Meet Christi Bieberich

Meet Christina Bieberich – an Ulman Board Member, Key to Keys 2018 alumna, and Clinical Specialist at Genentech, Inc.
What is your connection to the cancer community? Why did you first get involved with Ulman?
My biggest connection is my Grandmother passed away with ovarian cancer. I’ve always had that connection with my family. One my friends an oncology nurse introduced me to Ulman at the Blue Jeans Ball, and that was first exposure to Ulman and getting to know the people.
Tell me about some of the people you’ve met while working with Ulman.
The person that motivates me the most is Josh Minton. I met him at Blue Jeans, and he had done Key to Keys the previous year. Then he was on our ride, just to see him and his whole journey, what he’s going through, and how he talks about being a young adult with cancer, that has been my biggest connection.
But also all the people, the Key to Keys team became a second family. I felt this intense connection with this wonderful group of people, especially those who had lost someone or were survivors, it all kind of just opened my eyes to a bit more about the cancer community.

Christi with Josh Minton on the 2018 Key to Keys ride.

What led you to your current job?
I work for Genentech, which is a bio-oncology company. I went to University of Maryland and focused in Marketing. I’ve always had a business focus, and had marketing as my long-term career goal. But I started doing a preceptorship in the medical world, and worked for top pharma bio-tech companies.
I switched into oncology about 5 years ago. The field is tough to get into.  It’s known as a unique place, and the knowledge base is very technical. I never really had it as an end goal. I found oncology and I will never leave it. Once you’ve been in this environment, the stories and the passion, it’s one of those things that every day I learn something new.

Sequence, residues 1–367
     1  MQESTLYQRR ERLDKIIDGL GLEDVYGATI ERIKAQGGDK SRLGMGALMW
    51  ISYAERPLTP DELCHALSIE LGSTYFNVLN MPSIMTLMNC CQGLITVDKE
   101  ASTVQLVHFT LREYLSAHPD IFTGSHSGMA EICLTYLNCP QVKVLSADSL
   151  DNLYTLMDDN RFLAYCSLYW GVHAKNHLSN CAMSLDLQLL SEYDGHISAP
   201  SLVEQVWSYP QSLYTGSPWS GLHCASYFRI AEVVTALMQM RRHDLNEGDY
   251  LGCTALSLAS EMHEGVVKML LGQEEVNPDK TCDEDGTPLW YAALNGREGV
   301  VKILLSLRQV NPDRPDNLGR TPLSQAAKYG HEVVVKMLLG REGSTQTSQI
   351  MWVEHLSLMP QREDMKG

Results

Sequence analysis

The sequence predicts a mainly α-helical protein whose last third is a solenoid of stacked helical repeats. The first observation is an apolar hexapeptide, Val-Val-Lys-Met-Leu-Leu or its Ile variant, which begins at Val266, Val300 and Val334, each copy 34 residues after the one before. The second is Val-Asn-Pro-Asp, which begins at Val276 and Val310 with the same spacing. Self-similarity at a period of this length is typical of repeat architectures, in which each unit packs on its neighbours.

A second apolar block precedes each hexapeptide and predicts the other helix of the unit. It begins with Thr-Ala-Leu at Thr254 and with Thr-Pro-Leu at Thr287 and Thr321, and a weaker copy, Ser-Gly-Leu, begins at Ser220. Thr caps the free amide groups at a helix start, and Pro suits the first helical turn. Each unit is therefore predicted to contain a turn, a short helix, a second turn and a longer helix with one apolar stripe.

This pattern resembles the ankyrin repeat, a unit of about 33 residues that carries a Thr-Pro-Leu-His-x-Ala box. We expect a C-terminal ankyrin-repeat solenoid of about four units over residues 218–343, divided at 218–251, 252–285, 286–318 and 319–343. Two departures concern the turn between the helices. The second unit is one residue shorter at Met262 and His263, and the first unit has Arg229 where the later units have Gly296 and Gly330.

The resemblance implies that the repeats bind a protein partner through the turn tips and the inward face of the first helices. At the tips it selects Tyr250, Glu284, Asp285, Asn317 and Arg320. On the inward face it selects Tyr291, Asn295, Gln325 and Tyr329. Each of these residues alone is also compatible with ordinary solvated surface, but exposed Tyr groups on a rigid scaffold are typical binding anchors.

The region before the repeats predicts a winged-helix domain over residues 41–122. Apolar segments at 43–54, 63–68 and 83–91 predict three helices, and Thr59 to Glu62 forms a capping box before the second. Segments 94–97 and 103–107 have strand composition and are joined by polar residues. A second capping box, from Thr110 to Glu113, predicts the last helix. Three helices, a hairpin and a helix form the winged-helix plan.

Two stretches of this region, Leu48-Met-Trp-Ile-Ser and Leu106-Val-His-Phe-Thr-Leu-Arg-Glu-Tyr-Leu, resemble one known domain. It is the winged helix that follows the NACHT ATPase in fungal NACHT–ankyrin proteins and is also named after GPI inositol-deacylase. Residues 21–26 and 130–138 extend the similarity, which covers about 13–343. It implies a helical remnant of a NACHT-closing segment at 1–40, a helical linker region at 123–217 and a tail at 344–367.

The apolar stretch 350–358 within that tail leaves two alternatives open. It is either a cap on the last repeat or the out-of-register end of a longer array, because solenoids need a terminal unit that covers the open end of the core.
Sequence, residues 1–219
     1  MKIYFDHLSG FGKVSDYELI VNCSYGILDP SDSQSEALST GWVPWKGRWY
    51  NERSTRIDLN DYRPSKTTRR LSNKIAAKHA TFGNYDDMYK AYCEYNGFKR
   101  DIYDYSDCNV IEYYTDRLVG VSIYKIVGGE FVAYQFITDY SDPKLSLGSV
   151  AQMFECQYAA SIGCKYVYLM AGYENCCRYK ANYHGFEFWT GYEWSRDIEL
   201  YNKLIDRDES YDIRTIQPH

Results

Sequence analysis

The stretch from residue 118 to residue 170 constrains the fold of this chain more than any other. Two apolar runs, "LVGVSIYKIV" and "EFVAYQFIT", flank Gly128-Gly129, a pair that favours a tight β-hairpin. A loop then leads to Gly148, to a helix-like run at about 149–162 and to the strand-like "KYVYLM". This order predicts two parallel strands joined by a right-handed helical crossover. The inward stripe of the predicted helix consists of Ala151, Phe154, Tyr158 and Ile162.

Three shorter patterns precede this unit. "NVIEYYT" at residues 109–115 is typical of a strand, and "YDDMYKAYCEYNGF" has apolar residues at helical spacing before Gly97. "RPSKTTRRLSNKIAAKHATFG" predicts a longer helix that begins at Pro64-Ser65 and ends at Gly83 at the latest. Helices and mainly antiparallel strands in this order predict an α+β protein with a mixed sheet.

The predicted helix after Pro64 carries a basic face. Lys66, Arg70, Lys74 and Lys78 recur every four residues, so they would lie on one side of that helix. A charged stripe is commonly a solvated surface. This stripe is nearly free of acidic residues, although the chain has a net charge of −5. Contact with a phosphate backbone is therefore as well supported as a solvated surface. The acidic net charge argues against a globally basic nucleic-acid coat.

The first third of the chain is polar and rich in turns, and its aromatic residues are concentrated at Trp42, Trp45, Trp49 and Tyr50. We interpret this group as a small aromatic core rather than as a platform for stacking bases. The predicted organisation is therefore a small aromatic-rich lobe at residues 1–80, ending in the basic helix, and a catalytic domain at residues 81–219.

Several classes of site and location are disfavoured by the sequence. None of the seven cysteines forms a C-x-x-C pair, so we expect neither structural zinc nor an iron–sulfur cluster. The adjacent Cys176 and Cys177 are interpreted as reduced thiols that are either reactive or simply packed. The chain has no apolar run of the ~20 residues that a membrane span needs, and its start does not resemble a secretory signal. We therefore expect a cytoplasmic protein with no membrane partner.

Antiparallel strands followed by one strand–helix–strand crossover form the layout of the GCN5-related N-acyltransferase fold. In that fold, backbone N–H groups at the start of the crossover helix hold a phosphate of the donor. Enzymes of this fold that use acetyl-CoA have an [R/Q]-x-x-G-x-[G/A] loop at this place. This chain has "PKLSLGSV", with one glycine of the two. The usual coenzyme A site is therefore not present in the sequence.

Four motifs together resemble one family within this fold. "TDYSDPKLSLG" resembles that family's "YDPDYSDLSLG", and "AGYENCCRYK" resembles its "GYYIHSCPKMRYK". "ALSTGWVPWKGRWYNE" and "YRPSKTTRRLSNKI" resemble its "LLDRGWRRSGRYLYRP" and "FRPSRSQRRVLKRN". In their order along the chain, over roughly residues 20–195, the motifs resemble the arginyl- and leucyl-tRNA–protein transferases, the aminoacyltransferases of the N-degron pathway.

Everyday you learn something new for cancer treatment. Our company is very high science, focused on finding cures and the next best treatment. I love it.
What surprised you the most about being a part of the Ulman community?
The spirit – the positive spirit of everyone.  Even though cancer sucks, it’s a hard topic. It’s made out to be something that’s totally different, that makes people feel ok about it, and provides a lot of hope.
Which Ulman value resonates the most with you?
Be Courageous, it speaks to a lot of different things. For all people involved. Be courageous as cancer patients, for their medical team to make really good decisions. For their caregivers, be courageous to support them on whatever level they need.
And as an organization for Ulman to be courageous to take on big initiatives. I think of the team and Brock who advocated for the fertility preservation in Maryland. Personally for me, I’m a non-athlete. It [Key to Keys] made me so courageous, I cycle now! I’m so courageous now about what I’m capable of.
Sweet potato fries or regular fries?
Sweet potato fries (dipped in ranch).


Never Doubt Yourself

Never Doubt Yourself By: Matt Ode Stage 3 Testicular Cancer Survivor: Using my story of adversity to help you overcome life’s most difficult challenges and discover your purpose in life.  March 17 – August 6, 2016: This journey all

Jenn’s Journey

Jenn's Journey By Jennifer, Point to Point 2019 Alumni Hi, my name is Jennifer. I am 33 years old and a wife and mother of 2 wild boys, ages 3 and 7. In 2015, just four days before Christmas, I